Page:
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The United States Food and Drug Administration has been around for more than a century. The agency has taken on various roles over the years, acting to ensure that food and medical devices are safe for consumers.

In a way, the agency acts as a consumer protection watchdog, with the ability to keep products from coming onto the market and take enforcement actions against people and companies that violate its rules.

The Pure Food and Drugs Act of 1906

In order to understand how and why the FDA was created, it is necessary to understand the conditions at the time. The turn of the 20th century was the heyday of muckraking journalism and exposes of large corporations. Not that food manufacturers were innocent of wrongdoing.

In 1906, Upton Sinclair’s The Jungle shed light on the despicable conditions at slaughterhouses, revolting and angering the general public who got an inside look at the filth and danger to well-being from these large meat plants.

The lack of federal regulatory powers became an issue as more people moved into large cities and began to use prepackaged foods. Food safety was becoming a major issue, especially as refrigerators were not yet in large use.

The original law was called the Wiley Act, named for one of the chief proponents who advocate forcefully for its passage. Harvey Wiley was a chemist who was the first administrator of the agency.

As a result, Congress passed the Pure Food and Drug Act, which President Theodore Roosevelt signed into law. This version of the food and drugs act placed the federal government more closely into the regulation of food products and cosmetics.

The Prohibition of False Therapeutic Claims

One of the major early challenges to the Food and Drug Administration invoked one of the main purposes of the new regulatory authority.

In a 1912 case, the Supreme Court found that the FDA did not actually have the authority to prohibit false therapeutic claims made by manufacturers.

This was a key moment in FDA history because Congress passed a new law called the Shirley Amendment that specifically prohibited false claims and gave the FDA the authority to take action.

The FDA Begins to Deal with Drug Safety

Even though food and drug safety was addressed in the 1906 law, there were still major gaps in the FDA’s regulatory authority. This was revealed by a mass casualty incident in 1937.

A company named S.E. Massengil began to sell a new drug called Elixir sulfanilamide. This drug was a sulfonamide antibiotic that was improperly prepared. The mistakes caused a mass poisoning event where over 100 people died. The chief chemist committed suicide while awaiting trial.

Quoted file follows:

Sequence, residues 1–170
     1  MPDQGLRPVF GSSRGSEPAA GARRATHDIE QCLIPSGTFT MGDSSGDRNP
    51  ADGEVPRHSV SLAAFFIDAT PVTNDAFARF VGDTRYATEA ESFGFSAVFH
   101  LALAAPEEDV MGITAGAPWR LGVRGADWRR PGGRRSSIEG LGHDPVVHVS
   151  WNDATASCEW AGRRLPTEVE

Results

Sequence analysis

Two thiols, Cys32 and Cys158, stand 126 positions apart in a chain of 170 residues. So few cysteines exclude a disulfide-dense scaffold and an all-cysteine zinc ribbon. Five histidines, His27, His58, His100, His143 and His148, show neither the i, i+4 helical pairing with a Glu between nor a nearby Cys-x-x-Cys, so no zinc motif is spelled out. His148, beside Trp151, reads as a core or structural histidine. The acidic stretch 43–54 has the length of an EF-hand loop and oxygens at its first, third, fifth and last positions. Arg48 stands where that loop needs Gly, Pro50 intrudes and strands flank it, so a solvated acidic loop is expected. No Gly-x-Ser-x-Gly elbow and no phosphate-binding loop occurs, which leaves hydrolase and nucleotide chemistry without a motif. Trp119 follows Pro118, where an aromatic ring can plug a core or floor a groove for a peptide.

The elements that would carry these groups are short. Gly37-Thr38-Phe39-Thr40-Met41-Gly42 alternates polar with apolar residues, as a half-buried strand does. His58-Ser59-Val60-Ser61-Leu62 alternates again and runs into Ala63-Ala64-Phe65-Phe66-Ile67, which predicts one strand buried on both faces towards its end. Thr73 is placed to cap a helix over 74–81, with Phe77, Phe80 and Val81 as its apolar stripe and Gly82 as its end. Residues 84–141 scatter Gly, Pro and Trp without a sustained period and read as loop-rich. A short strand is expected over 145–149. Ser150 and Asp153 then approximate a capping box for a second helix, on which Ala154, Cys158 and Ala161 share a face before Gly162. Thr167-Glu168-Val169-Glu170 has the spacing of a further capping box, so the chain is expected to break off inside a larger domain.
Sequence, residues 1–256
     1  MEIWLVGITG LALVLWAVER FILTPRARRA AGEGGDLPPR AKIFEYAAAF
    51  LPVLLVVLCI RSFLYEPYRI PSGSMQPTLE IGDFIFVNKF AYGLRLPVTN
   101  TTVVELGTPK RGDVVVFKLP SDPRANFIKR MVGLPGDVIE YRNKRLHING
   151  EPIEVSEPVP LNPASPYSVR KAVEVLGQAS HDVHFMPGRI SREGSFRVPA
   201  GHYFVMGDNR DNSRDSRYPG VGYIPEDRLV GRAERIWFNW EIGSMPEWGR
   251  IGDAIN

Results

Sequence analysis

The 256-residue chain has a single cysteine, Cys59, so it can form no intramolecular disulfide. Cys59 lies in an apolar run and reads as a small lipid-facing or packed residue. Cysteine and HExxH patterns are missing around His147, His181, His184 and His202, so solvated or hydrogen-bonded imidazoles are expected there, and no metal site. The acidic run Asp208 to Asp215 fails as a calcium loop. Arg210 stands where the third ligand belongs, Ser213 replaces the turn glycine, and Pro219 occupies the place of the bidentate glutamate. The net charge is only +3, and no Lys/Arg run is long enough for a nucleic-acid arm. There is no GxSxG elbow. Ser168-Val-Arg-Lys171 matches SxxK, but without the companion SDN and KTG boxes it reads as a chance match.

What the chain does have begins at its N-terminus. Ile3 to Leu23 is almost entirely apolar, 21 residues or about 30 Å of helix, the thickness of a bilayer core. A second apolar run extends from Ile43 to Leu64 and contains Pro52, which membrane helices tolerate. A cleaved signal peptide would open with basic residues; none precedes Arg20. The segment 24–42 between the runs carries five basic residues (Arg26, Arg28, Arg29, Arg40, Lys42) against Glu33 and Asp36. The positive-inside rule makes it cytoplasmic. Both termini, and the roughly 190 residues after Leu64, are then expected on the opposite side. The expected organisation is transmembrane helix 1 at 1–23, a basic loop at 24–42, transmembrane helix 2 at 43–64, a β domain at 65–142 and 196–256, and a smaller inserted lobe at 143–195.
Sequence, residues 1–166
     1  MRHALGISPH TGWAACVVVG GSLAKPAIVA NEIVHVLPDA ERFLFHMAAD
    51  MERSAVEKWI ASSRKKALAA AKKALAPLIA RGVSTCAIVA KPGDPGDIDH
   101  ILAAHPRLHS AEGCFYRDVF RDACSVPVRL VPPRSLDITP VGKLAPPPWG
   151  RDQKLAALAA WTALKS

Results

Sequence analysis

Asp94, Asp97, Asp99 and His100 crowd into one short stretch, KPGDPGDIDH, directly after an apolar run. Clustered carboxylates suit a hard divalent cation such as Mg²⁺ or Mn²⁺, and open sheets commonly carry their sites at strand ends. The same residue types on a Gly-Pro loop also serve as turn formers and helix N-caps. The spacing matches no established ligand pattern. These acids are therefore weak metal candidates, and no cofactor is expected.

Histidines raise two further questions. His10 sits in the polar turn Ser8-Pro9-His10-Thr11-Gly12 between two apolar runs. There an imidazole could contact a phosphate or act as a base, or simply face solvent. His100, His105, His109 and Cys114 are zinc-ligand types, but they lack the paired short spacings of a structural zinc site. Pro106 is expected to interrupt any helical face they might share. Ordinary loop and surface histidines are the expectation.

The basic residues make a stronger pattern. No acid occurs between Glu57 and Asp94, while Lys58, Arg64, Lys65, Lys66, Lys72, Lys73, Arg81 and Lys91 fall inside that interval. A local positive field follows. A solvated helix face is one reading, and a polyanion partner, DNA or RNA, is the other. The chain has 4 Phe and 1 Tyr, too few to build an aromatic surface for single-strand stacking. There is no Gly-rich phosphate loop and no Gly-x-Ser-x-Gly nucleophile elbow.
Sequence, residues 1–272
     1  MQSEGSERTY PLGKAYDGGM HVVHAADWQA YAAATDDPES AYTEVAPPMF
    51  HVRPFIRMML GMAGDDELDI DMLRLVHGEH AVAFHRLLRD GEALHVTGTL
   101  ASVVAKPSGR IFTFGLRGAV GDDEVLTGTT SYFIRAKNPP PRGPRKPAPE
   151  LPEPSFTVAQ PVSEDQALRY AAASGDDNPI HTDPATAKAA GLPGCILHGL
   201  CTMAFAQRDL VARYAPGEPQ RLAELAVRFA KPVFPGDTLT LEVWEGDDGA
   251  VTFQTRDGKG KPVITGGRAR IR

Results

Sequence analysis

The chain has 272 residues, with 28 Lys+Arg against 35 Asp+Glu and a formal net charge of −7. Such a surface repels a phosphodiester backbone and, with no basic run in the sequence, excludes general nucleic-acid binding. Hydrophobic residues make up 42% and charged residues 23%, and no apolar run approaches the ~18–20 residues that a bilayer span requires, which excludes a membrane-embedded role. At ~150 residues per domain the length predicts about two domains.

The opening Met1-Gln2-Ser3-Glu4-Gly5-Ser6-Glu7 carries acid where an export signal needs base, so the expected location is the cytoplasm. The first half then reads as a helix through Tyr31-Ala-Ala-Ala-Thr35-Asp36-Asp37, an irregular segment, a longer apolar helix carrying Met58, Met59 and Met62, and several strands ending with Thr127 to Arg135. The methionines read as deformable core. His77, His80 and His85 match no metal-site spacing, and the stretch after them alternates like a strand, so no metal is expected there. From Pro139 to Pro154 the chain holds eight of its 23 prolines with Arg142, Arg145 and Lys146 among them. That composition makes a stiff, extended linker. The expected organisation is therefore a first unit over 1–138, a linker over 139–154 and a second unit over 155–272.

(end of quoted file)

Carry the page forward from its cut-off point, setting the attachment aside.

The resulting outcry prompted Congress to do more in order to prevent mass tragedies such as this one in the future. It was apparent that the FDA needed new rules to regulate foods and drugs.

The Federal Food, Drug, and Cosmetic Act of 1938

The Congressional response to the elixir sulfanilamide incident was to pass new legislation that greatly expanded the FDA’s authority. Congress often reacts in the face of widespread disasters that show the limits of previous regulations.

The FDA of the early years was dramatically transformed, as there were now many more requirements for the pharmaceutical industry to follow. The FDA had greatly expanded oversight of drug manufacturers.

Specifically, the new law did the following:

  • Brought cosmetics and therapeutic devices under FDA regulation
  • Authorized factory inspections of food and drug makers
  • Began the system of drug regulation by requiring that drug safety be proven before the product was allowed to be marketed and sold to the general public – manufacturers must file a drug application before they can sell the product. FDA review is a key part of the FDA process
  • Set tolerance levels for unavoidable toxic substances in medicine
  • Allowed for criminal prosecution of manufacturers at fault for events like the Elixir sulfanilamide poisoning
  • Gave the agency stricter control over clinical trials and new drug trials

It was the 1938 law that launched the FDA as we know it. There have been numerous expansions of the FDA’s authority described below, but the Federal Food, Drug, and Cosmetic Act of 1938 is what gave the FDA much of its authority over consumer products and made it the federal agency that we know today.

Post 1938 Amendments to the Federal Food, Drug, and Cosmetic Act

Over time, Congress enacted additional amendments to the FDA’s authority, expanding the agency’s ability to act.

Here are some of the changes to the agency’s regulatory authority:

  • In 1941, Congress passed the Insulin Act, which allowed the FDA to test and certify the purity and efficacy of this drug for diabetes.